Our 36-market demand index recently showed softening demand for new homes for the first time in 2016, largely due to ongoing price growth. In October, we saw demand for new homes recover, but pricing issues continue to be a top concern among Metrostudy regional directors. In 11 markets, regional directors reported an increase in buyer interest or traffic to sales centers in October, compared with zero markets a month prior.
While the average demand score across all 36 markets increased 2.96% month over month, commentary from our directors indicates that circumstances have changed very little for buyers looking to enter the market. Both new and resale home prices in major markets like Seattle, Denver, and Dallas-Fort Worth are still reaching all-time highs.
The most recent release of the S&P CoreLogic Case-Shiller Home Price Index showed continued price growth, with August 2016 levels approaching levels not seen since October 2007. As both existing and new-home prices increase, many buyers are being priced out of the market and forced to rent, despite their desire to buy.
Regional directors in a handful of markets—such as Northern California—report that finished vacant inventory is also reaching levels not seen since the recession. The problem is cyclical, as high construction costs have caused higher prices, but higher prices are now keeping buyers away. Conversely, in markets like Austin, Texas, and Reno, Nev., low levels of finished inventory (at affordable price points) are pushing buyers to the resale market, thus driving prices higher.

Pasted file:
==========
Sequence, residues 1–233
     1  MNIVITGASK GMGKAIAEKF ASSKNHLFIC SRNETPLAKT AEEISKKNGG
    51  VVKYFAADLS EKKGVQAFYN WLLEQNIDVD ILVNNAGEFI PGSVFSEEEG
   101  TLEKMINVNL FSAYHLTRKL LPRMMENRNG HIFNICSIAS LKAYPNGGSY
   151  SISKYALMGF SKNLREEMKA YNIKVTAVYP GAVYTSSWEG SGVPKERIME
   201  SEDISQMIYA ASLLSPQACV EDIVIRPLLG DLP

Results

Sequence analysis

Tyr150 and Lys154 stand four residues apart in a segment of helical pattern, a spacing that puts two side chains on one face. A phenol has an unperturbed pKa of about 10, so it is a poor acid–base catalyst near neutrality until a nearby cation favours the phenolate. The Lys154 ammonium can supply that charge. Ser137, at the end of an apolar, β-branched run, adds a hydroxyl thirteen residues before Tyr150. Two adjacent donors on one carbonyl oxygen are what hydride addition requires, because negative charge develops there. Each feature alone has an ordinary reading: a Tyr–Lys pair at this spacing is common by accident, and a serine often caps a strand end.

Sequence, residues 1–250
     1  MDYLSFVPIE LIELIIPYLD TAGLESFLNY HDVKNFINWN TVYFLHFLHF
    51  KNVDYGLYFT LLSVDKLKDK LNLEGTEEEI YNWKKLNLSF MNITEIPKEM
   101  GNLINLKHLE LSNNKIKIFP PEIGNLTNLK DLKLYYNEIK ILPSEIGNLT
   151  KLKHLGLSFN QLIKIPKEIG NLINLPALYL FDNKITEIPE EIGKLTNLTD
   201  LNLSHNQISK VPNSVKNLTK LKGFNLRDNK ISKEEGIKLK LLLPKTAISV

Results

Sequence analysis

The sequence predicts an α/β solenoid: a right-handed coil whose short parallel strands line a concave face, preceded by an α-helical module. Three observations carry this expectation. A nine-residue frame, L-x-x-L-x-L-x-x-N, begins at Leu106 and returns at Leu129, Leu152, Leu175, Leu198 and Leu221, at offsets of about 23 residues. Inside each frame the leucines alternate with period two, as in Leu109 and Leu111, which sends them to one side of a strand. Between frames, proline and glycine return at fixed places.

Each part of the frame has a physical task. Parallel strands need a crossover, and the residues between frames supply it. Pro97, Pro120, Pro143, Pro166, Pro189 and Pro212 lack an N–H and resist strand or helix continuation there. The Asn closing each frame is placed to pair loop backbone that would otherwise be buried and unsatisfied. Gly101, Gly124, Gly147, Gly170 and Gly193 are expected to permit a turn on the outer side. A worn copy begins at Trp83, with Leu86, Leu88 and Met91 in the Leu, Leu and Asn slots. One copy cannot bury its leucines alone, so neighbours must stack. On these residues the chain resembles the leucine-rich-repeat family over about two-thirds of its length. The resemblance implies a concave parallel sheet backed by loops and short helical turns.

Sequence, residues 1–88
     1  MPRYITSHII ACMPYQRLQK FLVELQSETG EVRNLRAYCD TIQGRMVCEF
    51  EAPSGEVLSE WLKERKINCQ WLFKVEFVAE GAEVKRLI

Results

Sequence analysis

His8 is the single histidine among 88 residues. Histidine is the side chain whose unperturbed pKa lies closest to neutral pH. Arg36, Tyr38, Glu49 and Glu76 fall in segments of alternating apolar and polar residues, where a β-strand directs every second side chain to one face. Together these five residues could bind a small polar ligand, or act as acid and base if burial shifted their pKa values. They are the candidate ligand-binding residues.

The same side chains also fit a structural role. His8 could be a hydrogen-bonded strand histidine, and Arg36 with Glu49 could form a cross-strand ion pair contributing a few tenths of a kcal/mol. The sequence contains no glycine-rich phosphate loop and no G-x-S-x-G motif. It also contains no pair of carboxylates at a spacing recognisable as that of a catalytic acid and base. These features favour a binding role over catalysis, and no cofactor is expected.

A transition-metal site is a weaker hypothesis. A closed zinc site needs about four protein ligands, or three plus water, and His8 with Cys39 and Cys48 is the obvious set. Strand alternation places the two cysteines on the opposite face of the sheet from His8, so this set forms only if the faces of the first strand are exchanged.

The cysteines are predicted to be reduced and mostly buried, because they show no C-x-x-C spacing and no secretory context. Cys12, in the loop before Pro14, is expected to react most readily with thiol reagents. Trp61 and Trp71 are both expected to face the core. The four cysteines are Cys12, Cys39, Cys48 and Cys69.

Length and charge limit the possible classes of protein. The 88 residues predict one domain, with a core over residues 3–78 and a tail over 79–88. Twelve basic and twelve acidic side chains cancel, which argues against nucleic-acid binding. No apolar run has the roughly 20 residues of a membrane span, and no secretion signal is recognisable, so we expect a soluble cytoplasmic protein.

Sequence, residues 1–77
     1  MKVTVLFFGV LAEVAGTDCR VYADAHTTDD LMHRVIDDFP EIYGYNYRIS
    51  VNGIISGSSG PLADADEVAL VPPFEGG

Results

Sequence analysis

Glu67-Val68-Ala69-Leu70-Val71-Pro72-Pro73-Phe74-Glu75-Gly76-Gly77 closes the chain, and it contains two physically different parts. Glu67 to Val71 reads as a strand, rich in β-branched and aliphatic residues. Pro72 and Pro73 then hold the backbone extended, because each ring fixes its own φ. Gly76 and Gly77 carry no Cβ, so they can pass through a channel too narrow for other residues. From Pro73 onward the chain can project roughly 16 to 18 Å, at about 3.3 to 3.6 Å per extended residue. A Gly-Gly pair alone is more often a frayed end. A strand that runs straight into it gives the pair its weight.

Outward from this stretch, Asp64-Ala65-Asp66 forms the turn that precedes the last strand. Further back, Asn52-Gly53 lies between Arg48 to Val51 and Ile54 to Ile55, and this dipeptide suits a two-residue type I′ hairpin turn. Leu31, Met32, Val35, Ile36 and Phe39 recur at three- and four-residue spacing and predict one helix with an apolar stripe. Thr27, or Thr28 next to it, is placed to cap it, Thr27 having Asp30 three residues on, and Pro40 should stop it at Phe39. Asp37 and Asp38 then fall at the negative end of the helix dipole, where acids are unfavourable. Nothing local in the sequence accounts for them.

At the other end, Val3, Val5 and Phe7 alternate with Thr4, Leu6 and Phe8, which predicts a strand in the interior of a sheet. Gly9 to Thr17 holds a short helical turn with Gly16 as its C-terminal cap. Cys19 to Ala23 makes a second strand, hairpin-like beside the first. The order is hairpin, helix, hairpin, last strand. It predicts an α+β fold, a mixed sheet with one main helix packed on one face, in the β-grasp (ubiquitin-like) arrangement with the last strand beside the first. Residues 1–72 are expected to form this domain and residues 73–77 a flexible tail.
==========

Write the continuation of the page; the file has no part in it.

The economy is strengthening across the country, but positive employment reports are doing nothing to ease price growth, and affordability issues continue to impede potential buyers. According to regional director Paige Shipp, rapid price growth and a lack of proportional wage growth has created a price ceiling, which can now be seen in multiple markets across the country.